Aquifers still going strong despite drought

Date:
August 18, 2021
Aquifers still going strong despite drought

Water table drops in places but not at alarming rates; water district monitors conditions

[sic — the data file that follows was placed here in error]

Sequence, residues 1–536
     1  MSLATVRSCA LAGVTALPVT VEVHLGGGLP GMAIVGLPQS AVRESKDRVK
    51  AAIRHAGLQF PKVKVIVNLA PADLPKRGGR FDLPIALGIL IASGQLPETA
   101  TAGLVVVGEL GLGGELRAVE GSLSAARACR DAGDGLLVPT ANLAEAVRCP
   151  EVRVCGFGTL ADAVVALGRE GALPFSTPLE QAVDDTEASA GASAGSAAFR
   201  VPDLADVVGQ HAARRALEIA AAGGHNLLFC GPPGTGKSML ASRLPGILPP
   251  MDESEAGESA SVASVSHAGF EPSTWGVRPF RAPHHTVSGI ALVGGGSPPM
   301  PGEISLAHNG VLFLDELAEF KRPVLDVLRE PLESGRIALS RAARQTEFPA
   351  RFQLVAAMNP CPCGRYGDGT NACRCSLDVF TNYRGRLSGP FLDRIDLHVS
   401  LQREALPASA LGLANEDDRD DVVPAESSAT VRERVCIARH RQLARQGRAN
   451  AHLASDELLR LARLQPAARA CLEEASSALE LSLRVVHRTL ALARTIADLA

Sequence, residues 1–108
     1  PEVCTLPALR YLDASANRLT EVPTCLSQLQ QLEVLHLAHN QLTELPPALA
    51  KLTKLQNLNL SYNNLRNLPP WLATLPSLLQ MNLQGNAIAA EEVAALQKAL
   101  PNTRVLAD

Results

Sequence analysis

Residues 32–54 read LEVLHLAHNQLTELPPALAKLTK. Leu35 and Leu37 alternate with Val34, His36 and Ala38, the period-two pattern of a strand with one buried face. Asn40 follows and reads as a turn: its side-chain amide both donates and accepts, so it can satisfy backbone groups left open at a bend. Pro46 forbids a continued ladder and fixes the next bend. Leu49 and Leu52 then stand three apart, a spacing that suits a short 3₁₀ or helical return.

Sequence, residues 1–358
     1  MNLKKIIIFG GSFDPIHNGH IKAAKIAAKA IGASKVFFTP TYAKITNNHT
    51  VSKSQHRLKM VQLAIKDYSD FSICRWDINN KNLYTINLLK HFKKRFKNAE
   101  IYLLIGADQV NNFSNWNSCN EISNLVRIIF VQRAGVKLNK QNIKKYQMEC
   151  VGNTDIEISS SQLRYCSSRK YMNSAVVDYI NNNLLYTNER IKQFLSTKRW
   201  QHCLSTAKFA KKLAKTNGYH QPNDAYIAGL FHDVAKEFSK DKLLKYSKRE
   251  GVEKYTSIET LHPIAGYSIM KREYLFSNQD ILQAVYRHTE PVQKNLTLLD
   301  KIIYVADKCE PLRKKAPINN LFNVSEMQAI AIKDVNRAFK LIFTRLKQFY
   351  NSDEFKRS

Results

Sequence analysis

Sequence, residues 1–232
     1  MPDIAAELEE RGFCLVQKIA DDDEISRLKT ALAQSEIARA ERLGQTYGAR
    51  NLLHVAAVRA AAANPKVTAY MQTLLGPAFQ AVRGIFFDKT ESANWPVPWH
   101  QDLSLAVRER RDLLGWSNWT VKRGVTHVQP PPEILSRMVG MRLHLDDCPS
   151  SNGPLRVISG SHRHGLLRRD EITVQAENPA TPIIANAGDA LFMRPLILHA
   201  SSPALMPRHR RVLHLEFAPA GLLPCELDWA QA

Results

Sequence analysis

Despite desperate drought conditions for reservoirs and irrigators, the aquifer holding Jefferson County's pristine Opal Springs water still gushes forth."We've been monitoring our water source at Opal Springs, and we have not had any noticeable impact from current drought conditions," says Joel Gehrett, manager of the Deschutes Valley Water District. "We continue to monitor source water conditions daily."When the normal or better snowpack this winter didn't result in better stream flows, some wondered if the moisture shortage was depleting aquifers in the Deschutes Basin.Hydrologists like Kyle Gorman have a different theory."The working theory is that it was so dry in the spring when we'd usually get additional water to boost that snowpack, and then on top of being dry, it was very windy," says Gorman, "and wind can reduce snowpack substantially."Gorman works for the Oregon Water Resources Department. He monitors more than 20 wells to keep track of the water underground in the Deschutes Basin.Gorman says the aquifers on the east flank of the Cascades especially respond to changes in climate. "They'll go up in wet years and down in dry years," says Gorman.The headwaters to the Metolius River showed an especially dramatic change. "During the wet cycles, we measure over 100 cubic feet per second of discharge," says Gorman. "Our recent measurement was 55 cubic feet per second."He says the water in unpopulated areas near the Cascades mimic the fluctuation in the Metolius."They're virtually unaffected by pumping, so they're the natural variations in water table," says Gorman.In the more populated areas, Gorman has seen the water table drop 20 feet or more over the past 30 years. Water once reached at 350 feet below the surface in 1990 might be 370 feet below the surface today."The water table is dropping, but it's not dropping at a dramatic rate," says Gorman. "There are some places in the state that have seen levels drop over 400 feet. That's the time we've got to change what we're doing."Gorman says those drops are occurring in Northeast Oregon. Water conditions underground look good for Central Oregon. "The saturated thickness in the aquifer here in the Deschutes Basin in some places is probably greater than 1,000 feet," says Gorman. "So, we have a very robust aquifer that's being recharged continually."While there's no indication we're running out of our underground water supply, Gorman emphasizes water is a precious commodity."Whether we're in a drought or not, folks should always have that mindset of conserving water and using it as efficiently as they can," says Gorman, "no matter what their source is."Pat Kruis

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